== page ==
Just over one month after slowing to a seven-week rotation, ocean carrier Maersk Line has added an eighth vessel to its weekly Middle East-to-South Africa MESA service, further increasing roundtrip voyage time from 49 days to 56 days, to skip a sailing position from the Middle East in November.
Transit times southbound from the Middle East to South Africa on the MESA have been increased by about seven days as vessels slow-steam one extra week between Toamasina, Madagascar and Port Elizabeth, South Africa, now taking 35 days from Dubai, United Arab Emirates, to Port Elizabeth. The service is scheduled to skip one sailing position commencing Dubai on Nov. 2.
reported Aug 24
that Maersk added an additional vessel to the MESA and slowed roundtrip voyage time on the service from 42 days to 49 days after several months at regular speed. As reported at that time, Maersk simultaneously increased average vessel capacity on the MESA from 2,235 TEUs to 3,485 TEUs, an increase of nearly 56 percent.
Back in April, Maersk had resumed a six-week roundtrip voyage time after a previous two-month slowdown on the MESA and added new calls at the Indian Ocean ports of Reunion Island, Port Louis, and Toamasina, as well as the carrier’s major Middle East hub at Salalah, also Port Elizabeth in South Africa (reported by American Shipper April 12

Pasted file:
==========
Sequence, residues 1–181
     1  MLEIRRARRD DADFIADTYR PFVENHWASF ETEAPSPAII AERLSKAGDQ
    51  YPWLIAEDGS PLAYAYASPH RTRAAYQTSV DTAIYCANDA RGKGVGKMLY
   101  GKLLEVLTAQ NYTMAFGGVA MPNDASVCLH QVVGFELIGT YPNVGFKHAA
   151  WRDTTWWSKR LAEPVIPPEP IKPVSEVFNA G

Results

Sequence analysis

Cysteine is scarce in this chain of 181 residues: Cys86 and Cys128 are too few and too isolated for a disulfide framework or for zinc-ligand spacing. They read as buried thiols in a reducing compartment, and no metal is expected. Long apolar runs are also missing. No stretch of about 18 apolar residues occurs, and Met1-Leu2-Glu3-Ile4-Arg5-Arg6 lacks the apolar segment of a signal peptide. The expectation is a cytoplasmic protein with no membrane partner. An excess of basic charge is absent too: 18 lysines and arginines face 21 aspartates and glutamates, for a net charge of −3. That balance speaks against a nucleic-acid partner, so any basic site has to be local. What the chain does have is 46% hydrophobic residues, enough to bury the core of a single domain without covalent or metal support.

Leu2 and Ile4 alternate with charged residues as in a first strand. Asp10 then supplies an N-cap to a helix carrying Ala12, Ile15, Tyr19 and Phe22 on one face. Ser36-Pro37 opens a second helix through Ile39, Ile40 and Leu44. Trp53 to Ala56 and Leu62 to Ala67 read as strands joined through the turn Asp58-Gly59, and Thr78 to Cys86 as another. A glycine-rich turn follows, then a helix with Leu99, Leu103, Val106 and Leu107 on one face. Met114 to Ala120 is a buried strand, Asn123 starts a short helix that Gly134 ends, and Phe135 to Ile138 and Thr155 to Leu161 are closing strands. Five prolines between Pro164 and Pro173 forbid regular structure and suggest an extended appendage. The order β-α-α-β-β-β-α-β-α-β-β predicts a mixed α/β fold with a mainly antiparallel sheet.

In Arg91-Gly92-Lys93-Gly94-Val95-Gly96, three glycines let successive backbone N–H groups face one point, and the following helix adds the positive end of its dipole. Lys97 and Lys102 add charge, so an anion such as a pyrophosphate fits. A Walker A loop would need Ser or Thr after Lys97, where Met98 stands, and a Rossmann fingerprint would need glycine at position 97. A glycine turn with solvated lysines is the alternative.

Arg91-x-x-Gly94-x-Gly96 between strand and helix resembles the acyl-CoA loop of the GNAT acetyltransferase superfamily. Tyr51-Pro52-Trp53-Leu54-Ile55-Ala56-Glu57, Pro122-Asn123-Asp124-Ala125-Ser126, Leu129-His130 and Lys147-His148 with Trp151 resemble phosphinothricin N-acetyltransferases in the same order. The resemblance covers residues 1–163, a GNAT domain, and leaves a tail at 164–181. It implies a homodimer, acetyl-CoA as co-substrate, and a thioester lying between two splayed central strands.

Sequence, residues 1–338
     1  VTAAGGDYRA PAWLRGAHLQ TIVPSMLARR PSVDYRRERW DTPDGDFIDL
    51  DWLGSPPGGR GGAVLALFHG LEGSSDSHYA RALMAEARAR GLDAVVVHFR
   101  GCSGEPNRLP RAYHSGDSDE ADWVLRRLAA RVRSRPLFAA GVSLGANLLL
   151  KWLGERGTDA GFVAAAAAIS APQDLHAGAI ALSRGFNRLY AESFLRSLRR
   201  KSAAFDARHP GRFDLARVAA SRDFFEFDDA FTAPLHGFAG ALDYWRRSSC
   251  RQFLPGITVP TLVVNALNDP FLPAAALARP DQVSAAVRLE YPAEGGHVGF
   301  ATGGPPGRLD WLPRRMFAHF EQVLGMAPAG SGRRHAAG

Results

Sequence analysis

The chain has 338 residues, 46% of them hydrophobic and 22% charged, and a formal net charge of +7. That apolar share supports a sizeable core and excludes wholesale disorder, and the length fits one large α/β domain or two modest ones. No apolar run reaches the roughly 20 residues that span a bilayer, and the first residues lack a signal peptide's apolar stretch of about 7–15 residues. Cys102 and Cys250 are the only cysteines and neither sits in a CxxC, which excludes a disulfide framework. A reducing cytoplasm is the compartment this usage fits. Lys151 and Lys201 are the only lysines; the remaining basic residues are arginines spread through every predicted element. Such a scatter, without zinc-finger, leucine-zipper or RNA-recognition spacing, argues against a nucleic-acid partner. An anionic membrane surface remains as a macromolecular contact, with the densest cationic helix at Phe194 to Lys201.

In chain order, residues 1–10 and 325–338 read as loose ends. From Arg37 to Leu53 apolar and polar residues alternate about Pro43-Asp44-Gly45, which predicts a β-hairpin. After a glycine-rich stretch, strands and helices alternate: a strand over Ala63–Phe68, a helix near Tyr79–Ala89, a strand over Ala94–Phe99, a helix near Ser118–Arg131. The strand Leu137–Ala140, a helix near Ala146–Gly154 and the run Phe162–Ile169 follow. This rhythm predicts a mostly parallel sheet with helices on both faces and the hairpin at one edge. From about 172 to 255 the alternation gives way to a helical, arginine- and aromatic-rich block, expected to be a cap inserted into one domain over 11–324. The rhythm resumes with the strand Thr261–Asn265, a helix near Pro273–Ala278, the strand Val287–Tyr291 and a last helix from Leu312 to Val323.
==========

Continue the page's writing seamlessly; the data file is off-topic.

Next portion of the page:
The rotation of MESA remains Dubai, Salalah, Reunion Island, Port Louis, Toamasina, Durban, Port Elizabeth, Port Louis, and Dubai. The service is currently operated by eight Maersk vessels with an average capacity of 3,514 TEUs. Subsidiary Safmarine continues to purchase slots.
MESA is now one of four Maersk and Safmarine services that connect the Middle East directly with the African continent, but the only one that calls South Africa and, since the termination of the carrier’s Indian Ocean service (reported by American Shipper April 23
), it is also the carrier’s only direct weekly connection between the Salalah hub and the Indian Ocean ports of Reunion Island, Port Louis, and Toamasina. - ComPair Data
, Ben Meyer